Today’s edition of quick hits.
* If you’re not following this story, it’s time to start: “Just as the global supply chain flashes signs of returning to normal, a new crisis now threatens to disrupt the transport of a vast range of goods, from agricultural crops to lumber to coal. If tens of thousands of rail workers follow through on threats to strike as soon as Friday in pursuit of better working conditions, that would unleash potentially monumental havoc on the system used to move products from place to place.”
* In Ukraine: “Russian cruise missiles struck the central Ukraine Wednesday hours after President Volodymyr Zelenskyy visited the recently retaken city of Izyum. Ukrainian officials said the eight missiles had struck the central city of Kryvyi Rih which lies to the south of Kharkiv.”
* Jan. 6 guilty plea: “A man who wore a ‘Trump 2020’ hat as he beat one officer and dragged another down the steps of the Capitol on Jan. 6 has pleaded guilty, admitting that he told officers they were ‘gonna die tonight’ and repeatedly assaulted law enforcement. Jack Wade Whitton, a 32-year-old from Georgia, bragged in a message obtained by the government that he ‘fed’ a cop ‘to the people.’”
* In related news: “A federal judge handed down verdicts Tuesday in the trial of three Jan. 6 defendants that could have a major impact on the trajectory of Capitol attack prosecutions going forward.”
* I wish this were more surprising: “Russia has spent more than $300 million in a global campaign to influence foreign political events, according to a newly declassified U.S. intelligence review.”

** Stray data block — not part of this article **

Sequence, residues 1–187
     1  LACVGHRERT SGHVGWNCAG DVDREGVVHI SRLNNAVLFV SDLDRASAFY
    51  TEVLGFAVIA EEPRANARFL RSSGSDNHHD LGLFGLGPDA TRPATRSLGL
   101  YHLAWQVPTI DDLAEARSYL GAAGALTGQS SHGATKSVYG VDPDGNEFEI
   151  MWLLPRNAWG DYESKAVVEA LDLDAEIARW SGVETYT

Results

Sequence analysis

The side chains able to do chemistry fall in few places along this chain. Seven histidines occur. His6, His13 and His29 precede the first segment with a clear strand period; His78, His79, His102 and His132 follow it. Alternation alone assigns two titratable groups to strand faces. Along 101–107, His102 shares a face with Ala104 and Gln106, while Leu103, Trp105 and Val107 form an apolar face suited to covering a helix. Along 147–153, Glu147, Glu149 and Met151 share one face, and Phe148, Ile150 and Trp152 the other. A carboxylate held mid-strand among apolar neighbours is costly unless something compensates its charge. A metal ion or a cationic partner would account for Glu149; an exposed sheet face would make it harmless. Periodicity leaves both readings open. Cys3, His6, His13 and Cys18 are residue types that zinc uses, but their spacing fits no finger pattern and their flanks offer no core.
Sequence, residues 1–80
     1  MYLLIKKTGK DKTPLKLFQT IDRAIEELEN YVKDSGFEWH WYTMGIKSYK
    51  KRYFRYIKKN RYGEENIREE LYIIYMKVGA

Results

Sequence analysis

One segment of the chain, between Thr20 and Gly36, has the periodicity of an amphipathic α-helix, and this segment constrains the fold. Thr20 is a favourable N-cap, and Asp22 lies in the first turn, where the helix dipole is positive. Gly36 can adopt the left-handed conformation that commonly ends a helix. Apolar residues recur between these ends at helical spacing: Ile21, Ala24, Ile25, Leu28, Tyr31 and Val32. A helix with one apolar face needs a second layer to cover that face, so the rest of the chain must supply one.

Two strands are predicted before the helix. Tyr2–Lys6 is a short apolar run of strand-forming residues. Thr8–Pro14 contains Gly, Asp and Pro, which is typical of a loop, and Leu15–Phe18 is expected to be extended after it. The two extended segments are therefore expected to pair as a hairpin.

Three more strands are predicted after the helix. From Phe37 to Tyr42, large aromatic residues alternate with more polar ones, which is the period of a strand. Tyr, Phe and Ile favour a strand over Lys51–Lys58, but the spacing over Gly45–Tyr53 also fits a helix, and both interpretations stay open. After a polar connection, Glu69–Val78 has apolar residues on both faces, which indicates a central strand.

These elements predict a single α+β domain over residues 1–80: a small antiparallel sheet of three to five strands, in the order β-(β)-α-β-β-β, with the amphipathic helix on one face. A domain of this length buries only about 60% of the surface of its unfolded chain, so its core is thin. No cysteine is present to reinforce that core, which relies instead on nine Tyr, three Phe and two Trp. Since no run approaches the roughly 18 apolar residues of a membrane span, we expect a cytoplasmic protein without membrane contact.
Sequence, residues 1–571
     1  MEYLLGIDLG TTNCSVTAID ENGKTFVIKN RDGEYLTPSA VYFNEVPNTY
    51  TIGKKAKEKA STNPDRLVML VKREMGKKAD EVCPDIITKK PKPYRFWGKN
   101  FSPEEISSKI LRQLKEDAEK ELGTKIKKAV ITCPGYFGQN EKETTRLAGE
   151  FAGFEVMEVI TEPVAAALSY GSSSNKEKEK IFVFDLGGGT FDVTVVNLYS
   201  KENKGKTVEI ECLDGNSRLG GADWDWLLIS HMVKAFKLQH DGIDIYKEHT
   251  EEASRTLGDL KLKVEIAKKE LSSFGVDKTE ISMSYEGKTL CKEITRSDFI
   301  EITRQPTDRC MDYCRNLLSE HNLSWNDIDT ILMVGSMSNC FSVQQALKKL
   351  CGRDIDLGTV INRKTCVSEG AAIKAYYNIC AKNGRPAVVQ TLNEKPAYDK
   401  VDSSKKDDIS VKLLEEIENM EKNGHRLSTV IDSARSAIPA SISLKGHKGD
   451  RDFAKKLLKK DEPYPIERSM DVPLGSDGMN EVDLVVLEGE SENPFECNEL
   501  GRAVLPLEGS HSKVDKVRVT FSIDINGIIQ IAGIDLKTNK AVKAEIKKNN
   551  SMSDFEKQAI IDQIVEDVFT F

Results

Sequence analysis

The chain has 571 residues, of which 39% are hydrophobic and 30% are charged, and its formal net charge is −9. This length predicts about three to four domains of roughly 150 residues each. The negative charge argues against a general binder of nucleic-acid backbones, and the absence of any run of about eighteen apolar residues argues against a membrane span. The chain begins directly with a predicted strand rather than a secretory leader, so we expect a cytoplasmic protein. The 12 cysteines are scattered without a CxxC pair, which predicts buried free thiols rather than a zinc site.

* A familiar problem: “Sweden’s center-left Prime Minister Magdalena Andersson on Wednesday conceded defeat in a weekend election while the leader of a nationalist anti-immigration party declared victory for his right-wing bloc. Jimmie Akesson, leader of the populist Sweden Democrats, said his party would be ‘a constructive and driving force in this work’ of rebuilding safety in Sweden. He said it was ‘time to put Sweden first.’”
* All is not well in the Sunshine State: “Florida saw a sharp increase in anti-Semitic incidents last year, according to a new report from the Anti-Defamation League, the New York-based organization that tracks anti-Semitic incidents and other extremist activity across the country.”
* A bold move from Patagonia’s billionaire founder, Yvon Chouinard: “Rather than selling the company or taking it public, Mr. Chouinard, his wife and two adult children have transferred their ownership of Patagonia, valued at about $3 billion, to a specially designed set of trusts and nonprofit organizations. They were created to preserve the company’s independence and ensure that all of its profits — some $100 million a year — are used to combat climate change and protect undeveloped land around the globe.”
See you tomorrow.